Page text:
Cybercrime , Fraud Management & Cybercrime , Social Engineering

Emotet Botnet Now Using Snowden's Memoir as a Lure

Attackers Sending Emails Promising Copy of 'Permanent Record'
Emotet Botnet Now Using Snowden's Memoir as a Lure

A week after the Emotet botnet crept back to life, the attackers behind it are already trying a new way to ensnare victims - using Edward Snowden's newly released memoir as a phishing lure, according to the security firm Malwarebytes.

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Last week, the former National Security Agency contractor turned whistleblower released his memoir, Permanent Record. Now, the Emotet attackers are looking to latch on to the publicity surrounding Snowden's book for their own nefarious purposes, the Malwarebytes researchers say.

After a four-month hiatus, command-and-control servers associated with Emotet began communicating with each other in late August, and on Sept. 16, several security firms confirmed a new surge in botnet activity primarily against targets in the U.S., U.K. and German (see: Researchers: Emotet Botnet Is Active Again).

And while earlier campaigns used a dated spear-phishing tactic that sent a personalized message to hijack old email-threads - usually impersonating someone the victim knew as part of an email thread - this new phishing scam capitalizes on the newsworthiness of a particular event to target more victims, the researchers note.

Snowden as Lure

On Monday, Malwarebytes researchers posted a new report that shows the attackers behind Emotet are using phishing emails that claim to contain a version of Snowden's book as a Microsoft Word file. That document contains hidden malicious macros that trigger a PowerShell command, which then downloads the Emotet malware onto an infected device.

Malicious Word document with macros for Emotet (Image: Malwarebytes)

"Upon opening the document, a fake message that 'Word hasn't been activated' is displayed to victims who are prompted to enable the content with a yellow security warning," according to the Malwarebytes research. "Once they do, nothing appears to happen. However, what users don't see is the malicious macro code that will execute once they click on the button."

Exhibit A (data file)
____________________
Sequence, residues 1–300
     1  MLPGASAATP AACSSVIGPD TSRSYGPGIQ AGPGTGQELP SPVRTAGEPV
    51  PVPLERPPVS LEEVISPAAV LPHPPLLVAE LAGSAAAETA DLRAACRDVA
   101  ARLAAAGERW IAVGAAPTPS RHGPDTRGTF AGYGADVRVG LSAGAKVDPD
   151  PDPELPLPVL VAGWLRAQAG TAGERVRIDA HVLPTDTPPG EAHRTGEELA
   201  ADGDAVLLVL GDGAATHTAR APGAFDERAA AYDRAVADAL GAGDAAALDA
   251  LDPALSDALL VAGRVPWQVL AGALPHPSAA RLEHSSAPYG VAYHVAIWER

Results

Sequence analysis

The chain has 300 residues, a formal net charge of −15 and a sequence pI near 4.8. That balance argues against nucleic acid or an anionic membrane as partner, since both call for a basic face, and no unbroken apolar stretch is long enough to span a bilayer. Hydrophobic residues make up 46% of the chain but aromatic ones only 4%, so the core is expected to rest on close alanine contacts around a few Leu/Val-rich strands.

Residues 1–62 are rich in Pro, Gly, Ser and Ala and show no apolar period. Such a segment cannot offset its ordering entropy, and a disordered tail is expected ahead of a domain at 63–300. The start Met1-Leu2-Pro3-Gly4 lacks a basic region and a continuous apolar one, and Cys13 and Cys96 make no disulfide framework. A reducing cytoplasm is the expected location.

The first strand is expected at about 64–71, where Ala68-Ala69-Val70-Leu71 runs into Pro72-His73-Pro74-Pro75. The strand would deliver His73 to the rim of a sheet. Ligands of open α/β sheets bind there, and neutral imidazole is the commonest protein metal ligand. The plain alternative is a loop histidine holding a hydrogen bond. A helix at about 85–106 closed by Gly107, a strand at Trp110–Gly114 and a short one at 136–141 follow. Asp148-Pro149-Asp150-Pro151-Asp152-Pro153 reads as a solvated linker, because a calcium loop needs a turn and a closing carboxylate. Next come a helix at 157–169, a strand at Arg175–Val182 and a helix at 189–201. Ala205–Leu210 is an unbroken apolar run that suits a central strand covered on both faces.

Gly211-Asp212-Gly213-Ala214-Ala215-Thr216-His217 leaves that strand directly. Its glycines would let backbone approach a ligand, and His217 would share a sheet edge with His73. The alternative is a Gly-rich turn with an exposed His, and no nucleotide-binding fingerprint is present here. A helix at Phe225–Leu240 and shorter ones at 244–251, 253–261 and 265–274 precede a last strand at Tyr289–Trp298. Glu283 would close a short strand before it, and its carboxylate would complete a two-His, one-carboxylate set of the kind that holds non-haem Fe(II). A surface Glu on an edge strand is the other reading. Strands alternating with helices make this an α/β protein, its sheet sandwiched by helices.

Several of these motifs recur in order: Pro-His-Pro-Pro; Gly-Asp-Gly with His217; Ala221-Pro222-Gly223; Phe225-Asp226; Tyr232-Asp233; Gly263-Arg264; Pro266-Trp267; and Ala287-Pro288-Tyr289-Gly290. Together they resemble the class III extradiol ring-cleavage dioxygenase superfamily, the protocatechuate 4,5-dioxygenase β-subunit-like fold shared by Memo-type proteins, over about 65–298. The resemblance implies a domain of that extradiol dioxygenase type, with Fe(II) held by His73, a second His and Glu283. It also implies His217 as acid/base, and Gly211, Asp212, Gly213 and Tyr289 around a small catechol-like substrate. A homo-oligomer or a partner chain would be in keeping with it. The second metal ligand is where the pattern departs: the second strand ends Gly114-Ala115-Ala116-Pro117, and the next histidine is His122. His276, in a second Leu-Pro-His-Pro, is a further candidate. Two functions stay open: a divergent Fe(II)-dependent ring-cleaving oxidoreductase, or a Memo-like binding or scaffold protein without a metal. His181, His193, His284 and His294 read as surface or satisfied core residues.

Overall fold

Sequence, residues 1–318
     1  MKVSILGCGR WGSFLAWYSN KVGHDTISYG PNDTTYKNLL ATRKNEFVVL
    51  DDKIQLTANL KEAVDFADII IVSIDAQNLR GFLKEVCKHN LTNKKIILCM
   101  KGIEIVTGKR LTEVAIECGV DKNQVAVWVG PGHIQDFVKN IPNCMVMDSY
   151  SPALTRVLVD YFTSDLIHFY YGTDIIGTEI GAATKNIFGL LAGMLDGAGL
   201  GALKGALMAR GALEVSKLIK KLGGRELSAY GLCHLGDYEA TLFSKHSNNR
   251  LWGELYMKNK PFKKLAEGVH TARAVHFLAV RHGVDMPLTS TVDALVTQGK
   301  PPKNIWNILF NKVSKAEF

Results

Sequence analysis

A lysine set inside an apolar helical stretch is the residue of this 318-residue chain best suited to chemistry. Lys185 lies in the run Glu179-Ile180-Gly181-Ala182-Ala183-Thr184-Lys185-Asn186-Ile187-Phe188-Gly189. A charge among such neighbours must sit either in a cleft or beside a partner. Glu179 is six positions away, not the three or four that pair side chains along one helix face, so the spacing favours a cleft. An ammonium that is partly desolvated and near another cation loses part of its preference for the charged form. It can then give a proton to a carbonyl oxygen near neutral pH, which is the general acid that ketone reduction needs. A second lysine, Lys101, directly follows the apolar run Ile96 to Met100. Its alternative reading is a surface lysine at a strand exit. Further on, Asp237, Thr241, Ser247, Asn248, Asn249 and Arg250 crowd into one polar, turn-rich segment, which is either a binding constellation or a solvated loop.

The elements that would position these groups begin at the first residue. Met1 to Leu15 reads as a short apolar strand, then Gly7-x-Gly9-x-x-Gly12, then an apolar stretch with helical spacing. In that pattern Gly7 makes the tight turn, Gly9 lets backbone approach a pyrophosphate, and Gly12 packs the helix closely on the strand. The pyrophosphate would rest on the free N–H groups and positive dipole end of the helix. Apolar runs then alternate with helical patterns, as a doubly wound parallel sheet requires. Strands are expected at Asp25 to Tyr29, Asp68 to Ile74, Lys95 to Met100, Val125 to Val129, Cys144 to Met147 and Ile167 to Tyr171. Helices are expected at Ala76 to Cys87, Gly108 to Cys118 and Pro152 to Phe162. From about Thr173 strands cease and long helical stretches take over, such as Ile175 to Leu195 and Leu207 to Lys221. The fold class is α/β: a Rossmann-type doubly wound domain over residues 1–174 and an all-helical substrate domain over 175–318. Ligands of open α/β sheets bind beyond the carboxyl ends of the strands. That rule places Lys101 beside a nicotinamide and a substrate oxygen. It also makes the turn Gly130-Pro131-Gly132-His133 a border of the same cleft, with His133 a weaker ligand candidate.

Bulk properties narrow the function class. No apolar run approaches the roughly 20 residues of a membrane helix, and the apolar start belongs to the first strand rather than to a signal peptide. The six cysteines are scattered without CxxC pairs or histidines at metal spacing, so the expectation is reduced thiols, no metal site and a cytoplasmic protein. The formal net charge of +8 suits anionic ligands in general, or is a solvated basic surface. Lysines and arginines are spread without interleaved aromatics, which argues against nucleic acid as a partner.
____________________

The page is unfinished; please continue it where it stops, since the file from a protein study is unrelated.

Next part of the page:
Although the researchers are still trying to determine the full extent of the phishing campaign using the fake Snowden book, Malwarebytes has collected samples of spam emails in English, Italian, Spanish, German and French, revealing the potential global extent of the scam.

One reason the attackers may have switched lures so fast is to avoid detection and security tools, researchers say.

"Changing subject lines or email content can throw off defenders and help bypass email protection," a researcher with the Malwarebytes security team tells Information Security Media Group. "However, switching from the classic fake invoice theme to the Snowden lure may have been done as a way to piggyback the campaign on a popular news story that would yield more victims."

Purpose of Campaign?

Emotet is still considered one of the world's most notorious botnets. The attackers behind it distribute phishing emails to increase the size of the botnet as well as spreading spam and other malicious code. The Trickbot Trojan and the Ryuk ransomware variant are each associated with the botnet (see: 5 Malware Trends: Emotet Is Hot, Cryptominers Decline).

But the Malwarebytes researchers are not sure about the purpose of the latest Emotet campaign.

"The Emotet botnet dominates all others when it comes to fuelling malspam campaigns," the Malwarebytes researcher says. "The malware's ability to compromise new machines and harvest credentials for spam is unique and effective."

Social Engineering

While attackers have taken advantage of weaponized Microsoft Word and other documents for some time, security experts note that social engineering techniques, such as using the Snowden book as a lure, are effective ways to ensure that the attack is carried out.

"For cybercriminals, going after people and infecting their machines with social engineering tactics is much easier than trying to directly attack a network," Atif Mushtaq, CEO of San Francisco-based security firm SlashNext, tells ISMG. "While weaponized document attachments to phishing emails are sometimes detected by one or more security solutions, requiring additional user interaction within the document application, in this case, Microsoft Word helps these attacks evade defenses and compromise victims' machines."


About the Author

Akshaya Asokan

Akshaya Asokan

Senior Correspondent

Asokan is senior correspondent for Information Security Media Group's global news desk. She has previously worked with IDG and other publications where she reported on developments in technology, minority-rights and education.




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